Aside from these strategies, regular exercise, eating right, looking after your sleep, and reaching out to a therapist are several other ways you can support your mood and cope with the grief and loss the Coronavirus pandemic has caused around the world.

If you’d like to speak to a therapist for some support, contact us at or 1300 784 184 to see how we can help.



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2 Petrie, K. J., Booth, R. J., Pennebaker, J. W., Davison, K. P., & Thomas, M. G. (1995). Disclosure of trauma and immune response to a hepatitis B vaccination program. Journal of Consulting and Clinical Psychology63(5), 787.

3 Esterling, B. A., Antoni, M. H., Fletcher, M. A., Margulies, S., & Schneiderman, N. (1994). Emotional disclosure through writing or speaking modulates latent Epstein-Barr virus antibody titers. Journal of Consulting and Clinical Psychology, 62(1), 130.

4 Philip M. Ullrich, M.A., Susan K. Lutgendorf, Ph.D., Journaling about stressful events: Effects of cognitive processing and emotional expression, Annals of Behavioral Medicine, Volume 24, Issue 3, August 2002, Pages 244–250,

Inagaki, T. K., Haltom, K. E. B., Suzuki, S., Jevtic, I., Hornstein, E., Bower, J. E., & Eisenberger, N. I. (2016). The neurobiology of giving versus receiving support: the role of stress-related and social reward-related neural activity. Psychosomatic medicine78(4), 443.

6 Harbaugh, W. T., Mayr, U., & Burghart, D. R. (2007). Neural responses to taxation and voluntary giving reveal motives for charitable donations. Science316(5831), 1622-1625.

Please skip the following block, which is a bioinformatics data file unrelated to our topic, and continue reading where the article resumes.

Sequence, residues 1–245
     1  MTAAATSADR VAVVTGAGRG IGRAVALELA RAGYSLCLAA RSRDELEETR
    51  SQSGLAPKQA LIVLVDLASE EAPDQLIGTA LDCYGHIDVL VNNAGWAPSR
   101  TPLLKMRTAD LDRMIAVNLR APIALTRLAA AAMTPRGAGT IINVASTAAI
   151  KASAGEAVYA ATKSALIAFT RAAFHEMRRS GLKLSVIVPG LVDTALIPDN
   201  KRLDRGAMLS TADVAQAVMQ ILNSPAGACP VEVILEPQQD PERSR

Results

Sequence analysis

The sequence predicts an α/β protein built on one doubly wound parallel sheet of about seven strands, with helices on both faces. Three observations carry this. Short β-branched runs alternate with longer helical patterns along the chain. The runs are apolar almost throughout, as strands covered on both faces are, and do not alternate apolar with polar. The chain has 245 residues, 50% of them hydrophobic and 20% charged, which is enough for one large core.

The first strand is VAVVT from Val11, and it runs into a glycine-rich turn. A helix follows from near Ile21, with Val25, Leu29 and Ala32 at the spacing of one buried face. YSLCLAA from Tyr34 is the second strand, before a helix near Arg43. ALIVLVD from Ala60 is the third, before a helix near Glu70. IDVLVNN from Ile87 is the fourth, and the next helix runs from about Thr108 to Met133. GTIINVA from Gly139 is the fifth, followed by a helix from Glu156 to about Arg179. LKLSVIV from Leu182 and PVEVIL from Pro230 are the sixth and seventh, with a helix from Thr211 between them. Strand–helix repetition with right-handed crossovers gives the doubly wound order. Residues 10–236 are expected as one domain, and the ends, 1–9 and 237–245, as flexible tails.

7 Goyal, M., Singh, S., Sibinga, E. M., Gould, N. F., Rowland-Seymour, A., Sharma, R., … & Ranasinghe, P. D. (2014). Meditation programs for psychological stress and well-being: A systematic review and meta-analysis. JAMA Internal Medicine174(3), 357-368.

8 Winbush, N. Y., Gross, C. R., & Kreitzer, M. J. (2007). The effects of mindfulness-based stress reduction on sleep disturbance: A systematic review. Explore3(6), 585-591.

9 Grossman, P., Niemann, L., Schmidt, S., & Walach, H. (2004). Mindfulness-based stress reduction and health benefits: A meta-analysis. Journal of Psychosomatic Research57(1), 35-43.

10 Lanza, H.I., Drabick, D.A.G. Family Routine Moderates the Relation Between Child Impulsivity and Oppositional Defiant Disorder Symptoms. J Abnorm Child Psychol 39, 83–94 (2011).

11 Murray, G., Gottlieb, J., & Swartz, H. A. (2020). Maintaining Daily Routines to Stabilize Mood: Theory, Data, and Potential Intervention for Circadian Consequences of COVID-19. The Canadian Journal of Psychiatry, 0706743720957825.

12 Ito, T. A., Larsen, J. T., Smith, N. K., & Cacioppo, J. T. (1998). Negative information weighs more heavily on the brain: the negativity bias in evaluative categorizations. Journal of Personality and Social Psychology75(4), 887.

13 Lin, L. Y., Sidani, J. E., Shensa, A., Radovic, A., Miller, E., Colditz, J. B., … & Primack, B. A. (2016). Association between social media use and depression among US young adults. Depression and Anxiety33(4), 323-331.

14 Dhir, A., Yossatorn, Y., Kaur, P., & Chen, S. (2018). Online social media fatigue and psychological wellbeing—A study of compulsive use, fear of missing out, fatigue, anxiety and depression. International Journal of Information Management40, 141-152.